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https://www.legis.state.pa.us/cfdocs/Legis/CSM/showMemoPublic.cfm?chamber=H&SPick=20230&cosponId=40680
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House of Representatives
Session of 2023 - 2024 Regular Session

MEMORANDUM

Posted: May 5, 2023 08:54 AM
From: Representative John A. Lawrence and Rep. R. Lee James
To: All House members
Subject: COSPONSOR MEMO – Implementing reforms at PENNVEST resulting from the Auditor General’s audit of the $50 million Lyme Timber deal
 
SUMMARY
 
In 2018, PENNVEST authorized a $50 million state-backed loan with a 1% interest rate to Lyme Timber, a New Hampshire-based private equity fund to purchase 60,000 acres of timberland northwest Pennsylvania.  The terms of the deal, the size of the loan, and the rock-bottom 1% interest rate generated significant concern both locally and in the halls of the Capitol.  A House Agriculture and Rural Affairs committee meeting on this “sweetheart deal” led to more questions than answers, and the House unanimously passed HR948 of 2018 asking the Auditor General to look into the situation.  The audit was finally completed last month, with several recommendations to amend the law governing PENNVEST to prevent further such abuses in the future. 
 
This bill will take up the recommendations of the Auditor General and institute other common-sense reform measures to prevent further abuse of the PENNVEST program.  Your cosponsorship of this proposal is welcome.  
 
DETAILS
 
The Pennsylvania Infrastructure Investment Authority, or PENNVEST, is a state agency charged by law “to give low interest loans and some grants to owners and operators of sewer, water, and stormwater systems for infrastructure improvements.”  Over the past fifty years, nearly 3,000 municipal water and sewer projects across Pennsylvania have been funded through this program.  
 
A big PENNVEST loan might be $5 million.  Most are much less than that.  Most PENNVEST borrowers are municipalities looking to make improvements to municipal utilities.  However, in 2018 PENNVEST authorized record-breaking loans totaling $50 million (with a 1% interest rate) to Lyme Timber, a New Hampshire-based private equity company.  Lyme was not looking to fix a municipal sewer system - they used the money to buy 60,000 acres of timberland in northwest Pennsylvania for their investors. 
After this situation came to light, the House Agriculture and Rural Affairs Committee held an informational meeting to get some answers.  The Committee learned that Lyme Timber Company approached the Pennsylvania Department of Conservation and Natural Resources (DCNR) looking for financing to buy the timberland.  The ground, owned by Boston-based Hancock Timber Resources, had been for sale for more than two years at a price that some thought was on the high side.  DCNR did not have funding options but connected Lyme with PENNVEST, who facilitated what some have called a sweetheart deal - a $50 million state loan at a mere 1 percent interest rate.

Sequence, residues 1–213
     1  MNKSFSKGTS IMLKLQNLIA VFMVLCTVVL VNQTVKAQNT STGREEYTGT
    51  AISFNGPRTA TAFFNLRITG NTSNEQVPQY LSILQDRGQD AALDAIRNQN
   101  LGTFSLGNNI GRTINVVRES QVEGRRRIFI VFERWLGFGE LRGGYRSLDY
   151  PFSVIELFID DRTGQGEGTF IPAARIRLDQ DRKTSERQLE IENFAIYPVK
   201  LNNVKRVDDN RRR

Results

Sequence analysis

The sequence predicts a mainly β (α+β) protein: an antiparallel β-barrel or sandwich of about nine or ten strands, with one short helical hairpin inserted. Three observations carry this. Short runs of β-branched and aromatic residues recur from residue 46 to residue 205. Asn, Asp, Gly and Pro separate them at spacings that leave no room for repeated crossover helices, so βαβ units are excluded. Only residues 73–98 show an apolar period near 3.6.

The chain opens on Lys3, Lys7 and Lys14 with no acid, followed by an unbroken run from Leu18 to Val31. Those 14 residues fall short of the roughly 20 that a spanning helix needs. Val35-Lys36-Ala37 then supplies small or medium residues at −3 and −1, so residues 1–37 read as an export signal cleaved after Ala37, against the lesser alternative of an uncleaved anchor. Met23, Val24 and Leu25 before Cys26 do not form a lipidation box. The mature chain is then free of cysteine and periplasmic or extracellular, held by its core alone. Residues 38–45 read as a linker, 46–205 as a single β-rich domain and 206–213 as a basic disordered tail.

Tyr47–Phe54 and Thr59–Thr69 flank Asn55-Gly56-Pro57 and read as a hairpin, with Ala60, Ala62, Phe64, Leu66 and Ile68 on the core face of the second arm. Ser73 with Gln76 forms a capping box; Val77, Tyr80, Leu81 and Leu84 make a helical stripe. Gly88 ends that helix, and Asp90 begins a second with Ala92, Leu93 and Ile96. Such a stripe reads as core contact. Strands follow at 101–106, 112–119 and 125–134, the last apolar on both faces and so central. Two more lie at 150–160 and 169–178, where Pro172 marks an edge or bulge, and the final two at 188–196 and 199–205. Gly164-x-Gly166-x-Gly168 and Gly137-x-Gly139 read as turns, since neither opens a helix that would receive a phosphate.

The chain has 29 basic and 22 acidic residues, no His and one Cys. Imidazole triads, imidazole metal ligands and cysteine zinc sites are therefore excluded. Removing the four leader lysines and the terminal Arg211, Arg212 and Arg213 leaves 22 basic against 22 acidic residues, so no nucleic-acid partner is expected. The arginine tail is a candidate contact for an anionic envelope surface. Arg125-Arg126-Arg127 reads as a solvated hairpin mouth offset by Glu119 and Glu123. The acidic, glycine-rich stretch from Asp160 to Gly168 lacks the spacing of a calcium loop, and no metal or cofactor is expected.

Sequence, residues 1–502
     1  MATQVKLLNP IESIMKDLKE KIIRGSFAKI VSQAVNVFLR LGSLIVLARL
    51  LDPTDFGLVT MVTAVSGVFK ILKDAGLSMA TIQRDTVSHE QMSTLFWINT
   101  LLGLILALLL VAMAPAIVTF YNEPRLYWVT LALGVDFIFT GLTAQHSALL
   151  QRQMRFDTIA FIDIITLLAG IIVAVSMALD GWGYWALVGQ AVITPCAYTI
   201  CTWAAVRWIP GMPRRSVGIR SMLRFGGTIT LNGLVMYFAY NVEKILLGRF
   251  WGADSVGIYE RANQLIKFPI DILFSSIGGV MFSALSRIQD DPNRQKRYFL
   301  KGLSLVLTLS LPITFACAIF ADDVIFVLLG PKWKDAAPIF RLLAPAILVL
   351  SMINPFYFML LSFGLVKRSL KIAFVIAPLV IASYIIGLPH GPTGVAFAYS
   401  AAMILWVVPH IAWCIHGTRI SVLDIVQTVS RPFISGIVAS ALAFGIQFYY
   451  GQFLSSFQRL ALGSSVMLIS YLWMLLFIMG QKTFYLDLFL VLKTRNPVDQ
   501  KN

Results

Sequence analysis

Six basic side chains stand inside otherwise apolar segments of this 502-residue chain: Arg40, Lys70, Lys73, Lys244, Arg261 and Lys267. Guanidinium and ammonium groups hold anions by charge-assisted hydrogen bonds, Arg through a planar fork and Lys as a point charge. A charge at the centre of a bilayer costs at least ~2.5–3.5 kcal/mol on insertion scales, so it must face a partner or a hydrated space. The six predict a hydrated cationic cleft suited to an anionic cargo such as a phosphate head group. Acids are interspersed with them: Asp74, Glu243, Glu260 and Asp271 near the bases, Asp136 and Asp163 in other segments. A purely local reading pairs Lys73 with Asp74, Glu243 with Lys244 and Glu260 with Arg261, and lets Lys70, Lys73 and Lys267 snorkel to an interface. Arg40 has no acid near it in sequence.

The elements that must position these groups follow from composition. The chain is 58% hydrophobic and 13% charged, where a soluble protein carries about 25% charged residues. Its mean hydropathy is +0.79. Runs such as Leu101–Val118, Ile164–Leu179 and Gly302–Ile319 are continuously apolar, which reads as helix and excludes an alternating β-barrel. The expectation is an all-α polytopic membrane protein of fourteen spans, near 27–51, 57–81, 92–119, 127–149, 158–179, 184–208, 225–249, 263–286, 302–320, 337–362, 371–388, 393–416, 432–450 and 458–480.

For its part, Lyme Timber agreed to place 9,362 of the 60,000 acres into a “working forest conservation easement” held by DCNR, to allow some public access to a small part of the property, and to mitigate an existing acid mine drainage issue.
 
A House Agriculture and Rural Affairs committee informational meeting regarding this situation led to more questions than answers, and the House unanimously passed HR948 of 2018 asking the Auditor General to look into the situation.  The previous Auditor General failed to take action on HB948.  However, Auditor General DeFoor took up this matter late last year, and the audit was finally released last month with a number of recommendations.  I would encourage you to review this report, particularly pages 15-16 which detail how PENNVEST administrators did not provide complete information to its board prior to the board approving the Lyme Timber deal.  The audit also found that the promised acid mine drainage cleanup is not complete.  The audit can be reviewed at the following link:
 
https://www.paauditor.gov/Media/Default/Reports/spePENNVESTAuditReport041323.pdf
 
This entire situation brings troubling questions to light and begs for reform.  With this in mind, the proposed bill will take up the recommendations of the Auditor General and institute other common-sense reform measures to prevent further abuse of the PENNVEST program. 
 
Your support and cosponsorship are welcome.